Really, the TBI, as far as tonight, once this expanded out beyond the state of Tennessee, we've been the hub of information, and we've also been receiving all those tips. So it's just kind of been a free flow of information all night long, but we've known about it since the second it happened.

BROWN: I want to back in time. I guess what I'm trying to find out a little bit, Ms. Johnson, is, was it 10:00 tonight or 9:30 tonight or something that somebody first said, "We think we know they're in Columbus, Ohio, and we think we know they're in a hotel, there"? Do you know when that took place? JOHNSON: Well, it's all sort of a series of connect the dots. I mean, I can't say when the exact magical moment when that one person gave us that tip, because we're constantly receiving information in. I don't even know that someone would sit down be that meticulous about it.

I think that, as far as the timeline goes, what we can say is that at 6:00 Eastern time, entry was made on the motel in Kentucky. They were gone. From that point forward, we came out, made that information available shortly thereafter to the public. Tips began flooding in about additional sightings in that area. Information has been coming and going ever since, and they were arrested about 10:00 Eastern time. So you're talking about a four-hour window.

BROWN: When you heard that they had been captured and captured without incident, can you describe what the scene was like in the mobile command center there?

JOHNSON: Well, I mean, here, there was just a lot of phone calls being made. Really, it's too bad that people can't come in there and see the level of work that's being done in there, people flinging phones everywhere, shouting things out.

It's very organized, but at the same time, there's so much action going on. And of course, a lot of that information we couldn't have out to the public because it would be very tough to ever apprehend fugitives if they knew how we did it.

BROWN: Did people applaud?

JOHNSON: I won't say that people applauded, because I think maybe we're all too tired for that. There were a lot of smiles going around and, I think, a lot of relief that no law enforcement personnel was injured, because, as you know, this can go down a number of ways. We didn't know what they may be capable of. We didn't know if they were going to come out firing shots. So we were relieved, elated, and I think everyone's exhausted.

BROWN: I'll bet everyone is exhausted. Just bear with me for a couple more.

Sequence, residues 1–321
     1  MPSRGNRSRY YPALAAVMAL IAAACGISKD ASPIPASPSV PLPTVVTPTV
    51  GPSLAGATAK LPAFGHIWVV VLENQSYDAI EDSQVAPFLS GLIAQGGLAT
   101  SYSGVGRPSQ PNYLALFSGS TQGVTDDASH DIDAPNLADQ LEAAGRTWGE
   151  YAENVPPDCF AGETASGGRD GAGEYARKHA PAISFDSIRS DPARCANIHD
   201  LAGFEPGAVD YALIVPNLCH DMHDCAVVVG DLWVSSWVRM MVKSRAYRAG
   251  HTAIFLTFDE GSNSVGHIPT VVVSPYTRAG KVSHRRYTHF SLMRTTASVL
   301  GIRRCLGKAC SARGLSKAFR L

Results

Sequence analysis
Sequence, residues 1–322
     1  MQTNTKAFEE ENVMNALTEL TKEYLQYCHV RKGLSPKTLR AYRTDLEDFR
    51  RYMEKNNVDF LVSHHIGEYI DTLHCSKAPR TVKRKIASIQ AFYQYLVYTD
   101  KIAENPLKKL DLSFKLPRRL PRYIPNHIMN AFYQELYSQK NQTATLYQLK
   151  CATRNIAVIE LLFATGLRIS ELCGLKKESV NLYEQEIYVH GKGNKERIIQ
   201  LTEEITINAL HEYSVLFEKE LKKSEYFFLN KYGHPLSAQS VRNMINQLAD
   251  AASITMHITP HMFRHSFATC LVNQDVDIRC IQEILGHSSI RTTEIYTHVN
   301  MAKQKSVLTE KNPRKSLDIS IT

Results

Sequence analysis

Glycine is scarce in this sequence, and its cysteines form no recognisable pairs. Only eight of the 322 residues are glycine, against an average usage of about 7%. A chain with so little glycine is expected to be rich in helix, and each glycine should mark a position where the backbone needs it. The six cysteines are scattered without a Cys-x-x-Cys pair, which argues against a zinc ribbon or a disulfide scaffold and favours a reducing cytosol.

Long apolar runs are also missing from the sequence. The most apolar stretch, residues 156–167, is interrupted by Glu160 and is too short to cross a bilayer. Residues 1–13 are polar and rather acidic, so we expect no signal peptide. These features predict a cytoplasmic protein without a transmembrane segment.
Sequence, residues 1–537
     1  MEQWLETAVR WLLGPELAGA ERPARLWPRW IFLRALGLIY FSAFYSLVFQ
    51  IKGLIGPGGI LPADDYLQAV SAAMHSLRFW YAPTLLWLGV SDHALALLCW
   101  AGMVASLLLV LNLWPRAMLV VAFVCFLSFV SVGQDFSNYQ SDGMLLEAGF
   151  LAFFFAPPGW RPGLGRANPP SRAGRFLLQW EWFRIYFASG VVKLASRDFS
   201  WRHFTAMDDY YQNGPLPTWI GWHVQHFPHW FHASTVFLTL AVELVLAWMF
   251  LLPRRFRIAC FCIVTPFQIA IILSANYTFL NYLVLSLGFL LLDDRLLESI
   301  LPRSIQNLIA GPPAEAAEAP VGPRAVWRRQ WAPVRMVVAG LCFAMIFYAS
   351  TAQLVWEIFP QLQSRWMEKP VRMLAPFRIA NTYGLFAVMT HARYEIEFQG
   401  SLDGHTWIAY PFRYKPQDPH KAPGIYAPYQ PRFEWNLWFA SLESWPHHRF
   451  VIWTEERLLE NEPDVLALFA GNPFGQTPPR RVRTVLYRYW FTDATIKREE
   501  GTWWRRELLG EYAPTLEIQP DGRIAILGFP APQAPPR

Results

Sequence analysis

JOHNSON: Okay.

BROWN: Was there -- there's always hope that these things will end as soon as possible. Did you, in your heart of hearts, did your colleagues, in their heart of hearts, believe it would end tonight?

JOHNSON: Yes, we did. Really, since about 5:00 Eastern time, we had had an incredible level of optimism, just because of the really credible tips that were coming in. And I think once you start to build momentum like that, and it really kind of feeds off of itself. And it pumped new energy into this. And I just think that there has been a level of confidence all night long that we would apprehend them tonight.

BROWN: We know a little bit about that. He's out of shackles. They have weapons. It obviously could have ended -- as you mentioned a moment ago, it could have ended really ugly up in Columbus. It sounded like he goes to court tomorrow, and you may have him back fairly quickly in Tennessee. Is that your understanding?

JOHNSON: It is my understanding. There's a lot of logistical -- there are a lot of logistical details to work out. I've really been forwarding all those questions to the U.S. Marshals Service, because they will be the ones to bring him back here. But it is my understanding that once he is brought back to Tennessee, he'll come to the local law enforcement. They're both facing a murder charge.

BROWN: Ms. Johnson, you did a terrific job, and the people you work with did a terrific job. I know that answering all these questions, or trying to put the best non-answer you can on it, not always the easiest thing in the world. And I know you appreciate we have to ask them, and we appreciate your efforts to answer them. Thank you.

JOHNSON: Well, if I could just add, I think that, really, we could not have done this without the media's participation and the level of support that everyone's provided. So thank you for that as well.

BROWN: Thank you, Jennifer Johnson, who's the spokeswoman, public information officer for the Tennessee Bureau of Investigation, which, in the state of Tennessee, became the lead police agency on this. U.S. Marshals, FBI, Ohio police, Columbus, Ohio, police, others involved in the capture of George and Jennifer Hyatte, tonight. We'll continue our coverage after a break. This is a special edition of NEWSNIGHT.

(COMMERCIAL BREAK)

BROWN: Continuing, now, our coverage of the capture of George and Jennifer Hyatte, captured tonight in Columbus, Ohio. Talk about quick work. We just got a front page, the front page of the "Cincinnati Enquirer," and they put a new headline on a story they wrote late this afternoon, "Fugitives Caught in Columbus, Tennessee Escapee Wife Hailed Cab from Erlanger, Ohio."

So Erlanger is the area. David Mattingly is with us. David, Erlanger is the area in northern Kentucky, southern -- where, sort of, Ohio and Kentucky come together. So according to the reporting of the "Cincinnati Enquirer," at least, and this dovetails a bit with what we heard coming out of Columbus, they catch a cab -- that's a long cab ride -- in Ohio, the Cincinnati area, and make their way to Columbus.